As a kid I discovered classic Hollywood films like The Maltese Falcon. These films grabbed the imagination of a 13 year old boy. I have never lost that fascination. At times my interest waned. After all, good hardboiled fiction is very hard to write and not always easy to find. Discovering the Heller novels last year rekindled my interest in the genre. I recently celebrated my 39th birthday and love reading as much as I did as a kid. Authors like Max Allan Collins routinely remind me of why I love to read so much. If I have a choice between watching a movie or reading a good book, the movie will just have to wait. So thanks Max for all of the great books. Now it's time to check out your other series. Keep up the great work.

To read my reviews of the Heller books check out these links:

1. True Detective (Assassination attempt on Frank Nitti, the killing of Mayor Cermak)
2. True Crime (Dillinger, Baby Face Nelson, Pretty Boy Floyd, Barker Gang)
3. Million Dollar Wound (Guadalcanal, the Mob tries to take over Hollywood)
4. Neon Mirage (Bugsy Siegel)
5. Stolen Away (Lindbergh kidnapping)
6. Carnal Hours (Oakes murder)
7. Blood and Thunder (Huey Long)
8. Damned in Paradise (Clarence Darrow)
9. Flying Blind (Amelia Earhart)
10. Majic Man (Roswell)
11. Angel in Black (Black Dahlia case)
12. Chicago Confidential (Crime commission, Frank Sinatra, Joe McCarthy)
13. Bye Bye Baby (Marilyn Monroe)
14 Target Lancer (JFK Assassination)

Short Stories Collections:

Chicago Lightning by Max Allan Collins

Chicago Lightning is the second collection of Nathan Heller short stories that Max Allan Collins has released through Amazon’s Thomas & Mercer imprint. The first volume, Triple Play featured novellas and longer short stories. This volume covers the more standard sized short stories. This collection of thirteen stories fill in some gaps in the Heller cases. A few are cases that are referred to in the Heller novels.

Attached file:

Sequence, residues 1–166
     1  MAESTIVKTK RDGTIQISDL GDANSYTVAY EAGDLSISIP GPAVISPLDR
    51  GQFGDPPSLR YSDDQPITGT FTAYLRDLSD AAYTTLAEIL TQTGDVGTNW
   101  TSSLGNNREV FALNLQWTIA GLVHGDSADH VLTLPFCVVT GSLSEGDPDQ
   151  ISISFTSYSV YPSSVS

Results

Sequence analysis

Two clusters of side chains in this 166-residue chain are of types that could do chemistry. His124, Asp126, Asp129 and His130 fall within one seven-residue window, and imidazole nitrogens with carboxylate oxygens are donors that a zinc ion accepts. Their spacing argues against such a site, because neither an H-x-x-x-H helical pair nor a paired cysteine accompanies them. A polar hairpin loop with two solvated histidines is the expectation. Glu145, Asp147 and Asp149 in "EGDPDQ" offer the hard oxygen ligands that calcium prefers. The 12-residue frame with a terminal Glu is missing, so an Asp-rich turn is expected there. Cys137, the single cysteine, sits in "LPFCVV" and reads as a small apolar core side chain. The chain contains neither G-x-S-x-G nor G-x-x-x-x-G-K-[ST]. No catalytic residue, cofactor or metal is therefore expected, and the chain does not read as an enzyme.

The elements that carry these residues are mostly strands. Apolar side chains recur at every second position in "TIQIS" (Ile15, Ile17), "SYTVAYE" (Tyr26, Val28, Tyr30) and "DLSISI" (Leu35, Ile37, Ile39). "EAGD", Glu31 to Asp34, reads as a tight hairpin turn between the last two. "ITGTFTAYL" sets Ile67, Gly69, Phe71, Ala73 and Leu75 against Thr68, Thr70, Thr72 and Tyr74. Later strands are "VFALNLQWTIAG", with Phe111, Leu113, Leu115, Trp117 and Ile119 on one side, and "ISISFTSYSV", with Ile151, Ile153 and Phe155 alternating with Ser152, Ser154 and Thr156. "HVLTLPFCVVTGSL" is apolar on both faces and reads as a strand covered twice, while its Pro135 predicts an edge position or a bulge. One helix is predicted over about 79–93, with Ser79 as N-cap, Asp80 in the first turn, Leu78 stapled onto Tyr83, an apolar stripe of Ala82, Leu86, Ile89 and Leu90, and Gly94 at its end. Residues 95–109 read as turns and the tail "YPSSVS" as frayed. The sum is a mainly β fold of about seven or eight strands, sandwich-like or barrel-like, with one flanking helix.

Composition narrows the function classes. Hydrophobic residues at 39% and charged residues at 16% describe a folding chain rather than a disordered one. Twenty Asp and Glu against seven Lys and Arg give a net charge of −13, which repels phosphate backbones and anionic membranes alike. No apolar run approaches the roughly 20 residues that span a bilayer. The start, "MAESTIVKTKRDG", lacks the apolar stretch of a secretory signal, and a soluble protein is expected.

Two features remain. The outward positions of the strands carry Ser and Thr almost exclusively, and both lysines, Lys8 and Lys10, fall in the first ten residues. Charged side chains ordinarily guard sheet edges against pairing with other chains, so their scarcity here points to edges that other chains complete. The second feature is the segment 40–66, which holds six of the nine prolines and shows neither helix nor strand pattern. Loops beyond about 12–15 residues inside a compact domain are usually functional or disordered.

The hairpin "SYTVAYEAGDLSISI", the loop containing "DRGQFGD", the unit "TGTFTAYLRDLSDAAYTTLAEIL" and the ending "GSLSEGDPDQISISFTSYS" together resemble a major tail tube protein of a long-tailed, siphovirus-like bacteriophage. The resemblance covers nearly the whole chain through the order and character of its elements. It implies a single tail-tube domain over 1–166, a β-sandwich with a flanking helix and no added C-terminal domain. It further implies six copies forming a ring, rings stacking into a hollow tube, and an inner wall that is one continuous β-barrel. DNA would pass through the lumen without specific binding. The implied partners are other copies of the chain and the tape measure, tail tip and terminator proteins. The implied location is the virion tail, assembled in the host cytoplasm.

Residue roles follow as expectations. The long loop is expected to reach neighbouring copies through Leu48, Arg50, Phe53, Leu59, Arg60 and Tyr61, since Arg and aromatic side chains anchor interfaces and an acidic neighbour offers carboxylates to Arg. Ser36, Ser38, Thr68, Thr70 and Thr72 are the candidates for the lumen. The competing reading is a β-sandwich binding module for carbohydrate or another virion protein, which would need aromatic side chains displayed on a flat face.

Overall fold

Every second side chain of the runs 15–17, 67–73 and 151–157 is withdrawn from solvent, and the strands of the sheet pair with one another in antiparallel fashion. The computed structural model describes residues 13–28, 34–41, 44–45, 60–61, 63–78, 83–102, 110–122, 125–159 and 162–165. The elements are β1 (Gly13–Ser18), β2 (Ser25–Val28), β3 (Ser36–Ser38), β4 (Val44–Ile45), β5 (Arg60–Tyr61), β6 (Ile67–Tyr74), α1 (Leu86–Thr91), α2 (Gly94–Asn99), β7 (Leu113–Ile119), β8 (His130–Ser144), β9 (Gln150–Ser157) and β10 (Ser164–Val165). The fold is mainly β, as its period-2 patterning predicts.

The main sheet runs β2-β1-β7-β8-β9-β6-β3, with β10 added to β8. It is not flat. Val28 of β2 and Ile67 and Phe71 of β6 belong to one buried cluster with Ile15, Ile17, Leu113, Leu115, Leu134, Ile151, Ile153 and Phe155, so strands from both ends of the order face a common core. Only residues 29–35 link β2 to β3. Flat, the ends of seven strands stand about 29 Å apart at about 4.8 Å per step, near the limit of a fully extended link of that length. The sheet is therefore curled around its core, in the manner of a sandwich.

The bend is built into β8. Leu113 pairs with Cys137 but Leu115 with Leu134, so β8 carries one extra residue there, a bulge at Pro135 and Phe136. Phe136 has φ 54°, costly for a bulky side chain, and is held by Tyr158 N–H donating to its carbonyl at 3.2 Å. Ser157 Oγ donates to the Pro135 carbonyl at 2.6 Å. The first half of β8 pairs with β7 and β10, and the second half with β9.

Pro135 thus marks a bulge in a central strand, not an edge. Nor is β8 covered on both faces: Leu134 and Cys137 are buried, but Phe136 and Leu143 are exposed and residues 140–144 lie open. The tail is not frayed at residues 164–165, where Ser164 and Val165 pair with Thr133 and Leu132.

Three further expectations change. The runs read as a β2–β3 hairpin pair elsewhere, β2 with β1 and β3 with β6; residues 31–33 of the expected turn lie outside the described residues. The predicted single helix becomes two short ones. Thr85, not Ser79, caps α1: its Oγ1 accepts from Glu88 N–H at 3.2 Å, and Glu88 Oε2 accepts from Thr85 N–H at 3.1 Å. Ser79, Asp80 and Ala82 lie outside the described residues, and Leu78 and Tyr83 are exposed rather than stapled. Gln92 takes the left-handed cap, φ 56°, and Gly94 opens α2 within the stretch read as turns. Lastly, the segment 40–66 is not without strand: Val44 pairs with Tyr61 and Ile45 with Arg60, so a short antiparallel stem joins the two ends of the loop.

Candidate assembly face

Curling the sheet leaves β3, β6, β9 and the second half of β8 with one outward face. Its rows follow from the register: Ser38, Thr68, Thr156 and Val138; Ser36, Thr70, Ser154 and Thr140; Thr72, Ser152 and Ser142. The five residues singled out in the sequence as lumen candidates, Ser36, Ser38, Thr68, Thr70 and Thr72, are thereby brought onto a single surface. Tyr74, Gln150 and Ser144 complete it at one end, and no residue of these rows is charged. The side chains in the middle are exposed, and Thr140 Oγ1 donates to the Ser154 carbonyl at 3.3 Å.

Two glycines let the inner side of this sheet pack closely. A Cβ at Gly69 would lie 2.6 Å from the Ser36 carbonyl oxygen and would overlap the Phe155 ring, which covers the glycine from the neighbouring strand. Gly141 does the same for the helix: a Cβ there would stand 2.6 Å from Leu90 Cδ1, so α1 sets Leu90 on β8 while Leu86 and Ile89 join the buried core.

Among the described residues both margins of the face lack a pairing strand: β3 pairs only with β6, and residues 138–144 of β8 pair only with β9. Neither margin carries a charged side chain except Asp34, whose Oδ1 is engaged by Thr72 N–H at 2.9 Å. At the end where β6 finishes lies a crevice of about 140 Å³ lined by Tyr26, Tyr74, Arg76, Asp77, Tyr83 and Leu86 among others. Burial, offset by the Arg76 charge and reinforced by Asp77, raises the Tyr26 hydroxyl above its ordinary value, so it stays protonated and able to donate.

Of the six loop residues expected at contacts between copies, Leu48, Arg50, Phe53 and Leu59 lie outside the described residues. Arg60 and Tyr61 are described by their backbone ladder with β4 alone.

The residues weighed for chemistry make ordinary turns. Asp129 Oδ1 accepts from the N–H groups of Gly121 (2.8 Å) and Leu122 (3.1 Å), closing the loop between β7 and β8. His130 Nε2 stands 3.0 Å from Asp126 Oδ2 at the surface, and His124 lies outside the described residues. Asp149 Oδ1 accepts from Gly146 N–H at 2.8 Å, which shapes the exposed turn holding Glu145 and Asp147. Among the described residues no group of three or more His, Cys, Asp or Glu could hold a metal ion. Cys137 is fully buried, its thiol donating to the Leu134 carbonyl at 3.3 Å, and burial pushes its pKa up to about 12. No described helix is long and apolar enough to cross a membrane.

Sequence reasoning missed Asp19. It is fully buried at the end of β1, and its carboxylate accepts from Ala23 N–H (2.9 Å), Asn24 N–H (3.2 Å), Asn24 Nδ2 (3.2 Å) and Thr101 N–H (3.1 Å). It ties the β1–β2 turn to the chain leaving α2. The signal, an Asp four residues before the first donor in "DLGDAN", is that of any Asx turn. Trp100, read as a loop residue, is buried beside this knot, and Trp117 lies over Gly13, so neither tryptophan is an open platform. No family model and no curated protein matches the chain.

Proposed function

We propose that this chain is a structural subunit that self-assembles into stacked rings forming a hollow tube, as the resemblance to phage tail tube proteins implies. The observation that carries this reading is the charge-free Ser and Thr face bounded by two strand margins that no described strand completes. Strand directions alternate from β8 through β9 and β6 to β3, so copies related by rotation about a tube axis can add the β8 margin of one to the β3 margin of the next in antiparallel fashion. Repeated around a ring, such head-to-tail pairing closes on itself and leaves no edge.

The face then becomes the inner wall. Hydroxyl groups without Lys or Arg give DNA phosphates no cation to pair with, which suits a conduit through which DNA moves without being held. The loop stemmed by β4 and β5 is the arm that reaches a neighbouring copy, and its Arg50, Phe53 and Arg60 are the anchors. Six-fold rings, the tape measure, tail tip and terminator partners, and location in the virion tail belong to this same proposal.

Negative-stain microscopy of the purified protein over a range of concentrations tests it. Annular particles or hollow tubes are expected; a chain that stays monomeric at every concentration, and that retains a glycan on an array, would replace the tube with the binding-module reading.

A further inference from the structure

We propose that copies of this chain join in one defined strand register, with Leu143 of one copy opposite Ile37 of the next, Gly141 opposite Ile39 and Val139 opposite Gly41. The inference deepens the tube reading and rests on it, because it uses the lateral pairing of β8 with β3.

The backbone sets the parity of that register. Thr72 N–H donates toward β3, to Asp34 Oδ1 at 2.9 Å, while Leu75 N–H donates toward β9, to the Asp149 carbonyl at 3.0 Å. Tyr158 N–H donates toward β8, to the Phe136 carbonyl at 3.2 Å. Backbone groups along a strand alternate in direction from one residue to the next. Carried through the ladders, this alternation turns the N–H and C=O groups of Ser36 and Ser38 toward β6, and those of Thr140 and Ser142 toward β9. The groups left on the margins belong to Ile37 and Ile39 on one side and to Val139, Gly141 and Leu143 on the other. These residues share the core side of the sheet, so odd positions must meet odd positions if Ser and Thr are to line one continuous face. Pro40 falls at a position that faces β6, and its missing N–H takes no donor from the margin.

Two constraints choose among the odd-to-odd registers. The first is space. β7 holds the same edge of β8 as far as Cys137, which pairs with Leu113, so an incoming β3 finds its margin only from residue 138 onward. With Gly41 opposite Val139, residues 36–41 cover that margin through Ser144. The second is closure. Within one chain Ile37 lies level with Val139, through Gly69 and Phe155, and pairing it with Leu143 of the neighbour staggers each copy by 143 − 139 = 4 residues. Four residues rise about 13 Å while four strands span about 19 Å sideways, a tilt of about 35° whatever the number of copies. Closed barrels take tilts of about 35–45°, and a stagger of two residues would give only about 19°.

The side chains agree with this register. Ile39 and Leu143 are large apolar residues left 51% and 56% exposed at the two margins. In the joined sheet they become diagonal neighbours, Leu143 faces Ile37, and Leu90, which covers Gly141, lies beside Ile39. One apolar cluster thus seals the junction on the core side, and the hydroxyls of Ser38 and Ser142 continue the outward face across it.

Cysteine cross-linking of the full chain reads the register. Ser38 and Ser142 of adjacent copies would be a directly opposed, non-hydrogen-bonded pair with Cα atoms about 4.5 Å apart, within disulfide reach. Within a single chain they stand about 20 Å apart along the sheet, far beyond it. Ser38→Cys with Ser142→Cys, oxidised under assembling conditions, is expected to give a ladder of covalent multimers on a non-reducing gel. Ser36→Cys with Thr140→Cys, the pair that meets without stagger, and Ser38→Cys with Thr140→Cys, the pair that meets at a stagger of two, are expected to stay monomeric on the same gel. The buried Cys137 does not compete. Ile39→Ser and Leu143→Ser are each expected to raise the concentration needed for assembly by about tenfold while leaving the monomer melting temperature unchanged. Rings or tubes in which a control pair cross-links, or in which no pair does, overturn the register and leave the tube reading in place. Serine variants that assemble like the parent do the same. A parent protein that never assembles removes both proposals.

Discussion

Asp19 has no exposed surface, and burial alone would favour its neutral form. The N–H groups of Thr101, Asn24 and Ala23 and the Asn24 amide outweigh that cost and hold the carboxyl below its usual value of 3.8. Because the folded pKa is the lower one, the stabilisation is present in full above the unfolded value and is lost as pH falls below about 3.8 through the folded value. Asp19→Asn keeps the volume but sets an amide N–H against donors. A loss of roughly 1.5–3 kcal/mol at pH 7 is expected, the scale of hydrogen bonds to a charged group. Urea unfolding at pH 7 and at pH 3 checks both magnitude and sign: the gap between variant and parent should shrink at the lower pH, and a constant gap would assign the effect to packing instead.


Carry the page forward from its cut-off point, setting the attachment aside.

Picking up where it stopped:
Collins says that he prefers to write novels more than short stories, but you wouldn’t know that from the stories in this collection. Heller is at some of his finest. In “The Perfect Crime” he is bodyguard, and avenger of Thelma Todd. In
“The Strawberry Teardrop” he helps Elliot Ness track down, and then cover up the identity of the Mad Butcher of Kingsbury Run. The novel Angel in Black is a sequel to this story. In “Scrap” Heller does a job for an old neighborhood friend named Jake Rubenstein. Rubenstein is a minor racketeer mixed up in a crooked union. We meet Rubenstein again in Collins’ novel Target Lancer. Of course most of us know Rubenstein by the name that he used when he moved to Dallas: Jack Ruby.

These are good stories and it is enjoyable to occasionally see Heller work on a case that doesn’t involve a famous character. The more I read the Heller novels I don’t know why someone hasn’t jumped on the chance to make these into a series. These short stories prove that Heller isn’t just a vehicle that Collins uses to talk about famous cases. Of course those of us who have read the books could readily attest to Heller’s likability. I for one would love to see Heller developed by a station like HBO or Showtime. Of course I would only like to see it if Collins were part of the project. Nothing would be worse than seeing these fun, well written stories messed up. Don’t wait for a TV deal. Get the Nathan Heller novels and story collections by Max Allan Collins and enjoy some really great hardboiled, noir fiction.

Sunday, July 28, 2013

The Heist by Janet Evanovich and Lee Goldberg